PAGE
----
Review: Memory, Mourning and Memorialisation

Stand.jpgThis is a proof of my review of three books, recently published in Stand 14.3

Bromley, Carole. The Stonegate Devil. Sheffield: smith|doorstop Books, 2015 (ISBN 978-1-910367-54-4)

Madec, Mary. Demeter Does Not Remember. County Clare: Salmon Poetry, 2014 (ISBN 978-1-908836-31-1)

Williams, Merryn. Letter to My Rival. Nottingham: Shoe String Press, 2015 (ISBN 978-1-910323-39-7)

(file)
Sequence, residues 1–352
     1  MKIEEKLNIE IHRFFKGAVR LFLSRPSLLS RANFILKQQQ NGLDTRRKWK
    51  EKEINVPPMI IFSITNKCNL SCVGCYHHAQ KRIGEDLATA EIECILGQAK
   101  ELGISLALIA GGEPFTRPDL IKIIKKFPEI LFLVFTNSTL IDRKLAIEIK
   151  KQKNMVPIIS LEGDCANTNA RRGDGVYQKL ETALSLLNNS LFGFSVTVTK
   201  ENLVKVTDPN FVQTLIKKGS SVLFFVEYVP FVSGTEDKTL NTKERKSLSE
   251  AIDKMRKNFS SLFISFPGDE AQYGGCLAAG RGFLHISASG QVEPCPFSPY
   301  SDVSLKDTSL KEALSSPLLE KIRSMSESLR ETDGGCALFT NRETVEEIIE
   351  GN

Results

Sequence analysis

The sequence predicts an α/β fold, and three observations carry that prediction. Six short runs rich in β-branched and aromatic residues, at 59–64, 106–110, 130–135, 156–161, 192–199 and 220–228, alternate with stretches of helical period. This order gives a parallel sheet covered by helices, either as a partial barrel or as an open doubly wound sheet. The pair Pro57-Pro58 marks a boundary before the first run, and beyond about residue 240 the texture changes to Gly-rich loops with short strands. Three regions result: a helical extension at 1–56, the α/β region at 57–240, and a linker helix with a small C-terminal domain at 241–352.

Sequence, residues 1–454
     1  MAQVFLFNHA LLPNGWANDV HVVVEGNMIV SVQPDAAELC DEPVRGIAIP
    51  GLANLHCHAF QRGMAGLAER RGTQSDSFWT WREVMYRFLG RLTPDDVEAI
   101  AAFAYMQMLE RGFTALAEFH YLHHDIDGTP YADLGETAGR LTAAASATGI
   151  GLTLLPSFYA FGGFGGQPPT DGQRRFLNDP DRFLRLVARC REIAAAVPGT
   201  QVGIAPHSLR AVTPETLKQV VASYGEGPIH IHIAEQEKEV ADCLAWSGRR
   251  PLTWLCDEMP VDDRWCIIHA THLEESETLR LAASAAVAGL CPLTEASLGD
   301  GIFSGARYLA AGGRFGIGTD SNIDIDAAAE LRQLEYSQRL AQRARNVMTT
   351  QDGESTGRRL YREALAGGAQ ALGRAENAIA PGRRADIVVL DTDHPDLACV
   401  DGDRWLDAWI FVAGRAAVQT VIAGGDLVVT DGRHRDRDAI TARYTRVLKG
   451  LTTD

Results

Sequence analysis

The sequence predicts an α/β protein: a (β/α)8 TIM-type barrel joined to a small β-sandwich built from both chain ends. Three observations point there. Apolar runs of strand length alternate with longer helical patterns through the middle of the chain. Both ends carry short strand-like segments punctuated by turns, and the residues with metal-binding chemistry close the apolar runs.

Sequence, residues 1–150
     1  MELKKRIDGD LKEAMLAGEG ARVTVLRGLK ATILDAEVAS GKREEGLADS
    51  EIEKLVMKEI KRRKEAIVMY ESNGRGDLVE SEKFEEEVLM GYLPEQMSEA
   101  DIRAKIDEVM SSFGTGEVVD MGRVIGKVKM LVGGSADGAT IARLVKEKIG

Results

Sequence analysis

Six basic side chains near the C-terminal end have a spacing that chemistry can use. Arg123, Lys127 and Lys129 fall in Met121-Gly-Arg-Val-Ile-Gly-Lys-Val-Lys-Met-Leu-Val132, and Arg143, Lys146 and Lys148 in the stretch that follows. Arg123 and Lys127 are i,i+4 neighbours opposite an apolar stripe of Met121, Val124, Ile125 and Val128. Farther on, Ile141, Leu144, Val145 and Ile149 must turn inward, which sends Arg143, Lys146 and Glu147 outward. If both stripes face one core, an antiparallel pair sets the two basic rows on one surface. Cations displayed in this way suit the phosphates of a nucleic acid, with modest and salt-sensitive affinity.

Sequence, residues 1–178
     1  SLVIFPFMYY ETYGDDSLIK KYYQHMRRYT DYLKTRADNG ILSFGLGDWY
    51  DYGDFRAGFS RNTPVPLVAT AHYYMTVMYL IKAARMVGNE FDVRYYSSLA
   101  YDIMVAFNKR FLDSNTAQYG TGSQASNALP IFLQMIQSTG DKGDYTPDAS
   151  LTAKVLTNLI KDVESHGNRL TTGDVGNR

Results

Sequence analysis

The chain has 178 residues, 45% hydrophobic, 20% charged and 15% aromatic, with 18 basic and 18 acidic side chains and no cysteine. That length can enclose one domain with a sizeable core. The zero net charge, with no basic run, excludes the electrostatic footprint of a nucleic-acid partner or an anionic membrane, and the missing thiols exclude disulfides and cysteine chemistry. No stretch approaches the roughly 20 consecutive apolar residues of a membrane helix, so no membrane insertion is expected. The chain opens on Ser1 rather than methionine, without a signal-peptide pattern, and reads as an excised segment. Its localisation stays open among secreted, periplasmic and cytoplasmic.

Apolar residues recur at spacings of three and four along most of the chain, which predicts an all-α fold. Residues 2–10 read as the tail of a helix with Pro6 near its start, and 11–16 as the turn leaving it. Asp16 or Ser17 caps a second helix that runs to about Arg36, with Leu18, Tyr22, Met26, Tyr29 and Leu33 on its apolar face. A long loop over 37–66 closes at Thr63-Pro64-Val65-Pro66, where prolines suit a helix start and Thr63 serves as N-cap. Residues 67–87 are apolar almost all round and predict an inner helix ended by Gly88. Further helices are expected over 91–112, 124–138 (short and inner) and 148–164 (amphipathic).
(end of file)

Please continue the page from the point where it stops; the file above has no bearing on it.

Carole Bromley’s striking second collection, The Stonegate Devil, is haunted. The opening poem sets the tone, precise and playful in its juxtaposition of the variations of everyday life with that which steadfastly remains – the Stonegate Devil who has ‘crouched on that ledge/ since Coffee Yard was Langton Lane/ and Stonegate the Street of the Printers’ (9). The poem, like many in the collection, is set in York, and cleverly presents the past and present at the same time. In this poem, it is ‘the missing student on the poster’ who haunts the street and ‘smiles her pretty smile’ (10). In the main, it is women who haunt the collection, from the ‘hanged woman’ of Lund’s Court (11) and the laundress of ‘Beningbrough Hall’ (13) to the young girl watching an earwig in the headmaster’s office in ‘On The Carpet’ (14). There are also ex-girlfriends, missing wands (‘The Doll With a Hole in Its Hand’), and painful poems about lost friends and the death of the speaker’s mother. Bromley deftly weaves sadness and wit. If it is true that her collection is haunted, it is also true that the poems are intensely alive and human, breathing with warm everyday language. Frequent word-play creates layers not only within the poems, but also throughout the collection as a whole, threading together the ‘golden cloak’ of a boy at school (‘Oberon’s Cloak’, 47) with ‘Plumbers’, ‘like gold dust’ (48). There is a cluster of poems at the heart of the book which are especially bright and tender. Several explore the startling experience of becoming a grandparent: ‘Poem with a Satsuma in it’ (50) shares something fresh and new with the grand-daughter, ‘School Gates’ (49) captures small losses, ‘Meeting’ (51) juxtaposes death and birth and ‘Mabel’ (52) captures the astonishment of new life: the first cry, the new name, ‘soap bubbles/ trembling from a wand’ (52). The sharp sweetness of orange zest and tangerines runs throughout and perhaps best captures this lovely collection.